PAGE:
Web designer, social networks manager, blogger, novelist, and online writing instructor, Charlotte Henley Babb has been writing since she was four, and now makes up fractured fairy tales for people who have survived beyond the love’s last kiss. Where the stories are for people over 20 who have survived marriage, divorce, child-rearing, post-graduate education, bankruptcy, empty nest, and widowhood?
Charlotte Henley Babb writes them.
Her first novel, Maven Fairy Godmother: Through the Veil, was published in 2012 and was awarded the Sharp Writ First Place in Fantasy and Science Fiction. It also received an honorable mention in the 2014 National Federation of Press Women communications contest for adult novels. She has self-published short stories in ebook and print format, doing the technical work, cover design, and layout herself.
Charlotte has taught English in high school and junior college, written procedure manuals, and edited association newsletters. She has presented at education and writing conferences on using the Internet, blogging, and writing science fiction. She brings to any project a number of experiences: technical writer, gasket inspector, wait staff, fabric and craft retail associate, craft artificer, secret weapon, and telephone psychic. Currently she manages the website, social media presence, and monthly newsletter for Sherman College of Chiropractic.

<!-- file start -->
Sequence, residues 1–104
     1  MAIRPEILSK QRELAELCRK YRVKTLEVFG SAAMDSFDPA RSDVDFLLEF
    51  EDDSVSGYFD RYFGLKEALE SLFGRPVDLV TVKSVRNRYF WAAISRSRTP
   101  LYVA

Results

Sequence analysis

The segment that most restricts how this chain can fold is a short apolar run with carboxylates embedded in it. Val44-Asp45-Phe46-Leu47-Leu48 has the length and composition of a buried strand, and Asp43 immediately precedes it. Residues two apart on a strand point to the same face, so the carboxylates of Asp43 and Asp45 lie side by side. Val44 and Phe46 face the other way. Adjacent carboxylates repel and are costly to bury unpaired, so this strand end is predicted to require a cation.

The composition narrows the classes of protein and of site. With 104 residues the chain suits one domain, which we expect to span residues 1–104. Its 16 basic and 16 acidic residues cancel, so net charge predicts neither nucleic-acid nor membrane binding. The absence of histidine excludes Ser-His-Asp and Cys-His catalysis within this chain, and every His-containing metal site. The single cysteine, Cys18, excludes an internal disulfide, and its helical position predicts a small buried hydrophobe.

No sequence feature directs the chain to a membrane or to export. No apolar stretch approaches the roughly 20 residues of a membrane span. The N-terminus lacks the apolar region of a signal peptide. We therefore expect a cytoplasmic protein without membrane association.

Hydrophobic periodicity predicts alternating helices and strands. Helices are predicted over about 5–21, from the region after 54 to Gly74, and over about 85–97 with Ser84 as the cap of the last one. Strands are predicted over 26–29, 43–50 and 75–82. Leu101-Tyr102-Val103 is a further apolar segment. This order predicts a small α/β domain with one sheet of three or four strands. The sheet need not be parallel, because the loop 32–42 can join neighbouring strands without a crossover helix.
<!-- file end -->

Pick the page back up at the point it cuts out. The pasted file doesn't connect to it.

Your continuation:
Work in progress 20 hours to Atlanta
When an airship madam arranges a secret meeting of colonial ambassadors, can she trust her crew and a rogue operative to keep her clients safe from his handlers, her allies, and an anarchist?
Giving up what’s left of her self-esteem for coffee, her last chance to redeem her life comes as a job offer to be a fairy godmother. But Faery is shrinking, the other fairy godmothers have disappeared, and nothing she does turns out right.
How can she put together the happily ever after each of her clients wants with her boss standing in her way?
$5.95 Kindle $15.99 Paper
Fairy Godmother Maven Morrigan has her own way of making the happily ever after come true for The Frog Prince, Rumpelstiltskin and Beauty and the Beast. Three fractured fairy tales to bring you a smile
$2.99 Kindle $5.99 Paper
Separate stories also available $0.99
Bubba and the beast: http://bit.ly/BubbaBeast
Fairy Frogmother: http://bit.ly/FrogMom
Five flash fiction stories of magical encounters in the modern world.
$2.99 Kindle, $5.49, Paper
Walking Off Heaven’s Shore
A ten-piece bucket of Southern fried flash fiction.
$2.99 Kindle $5.99 Paper
A short-short about a cup of coffee on a sunny morning and a decision.
Connect with Charlotte Henley Babb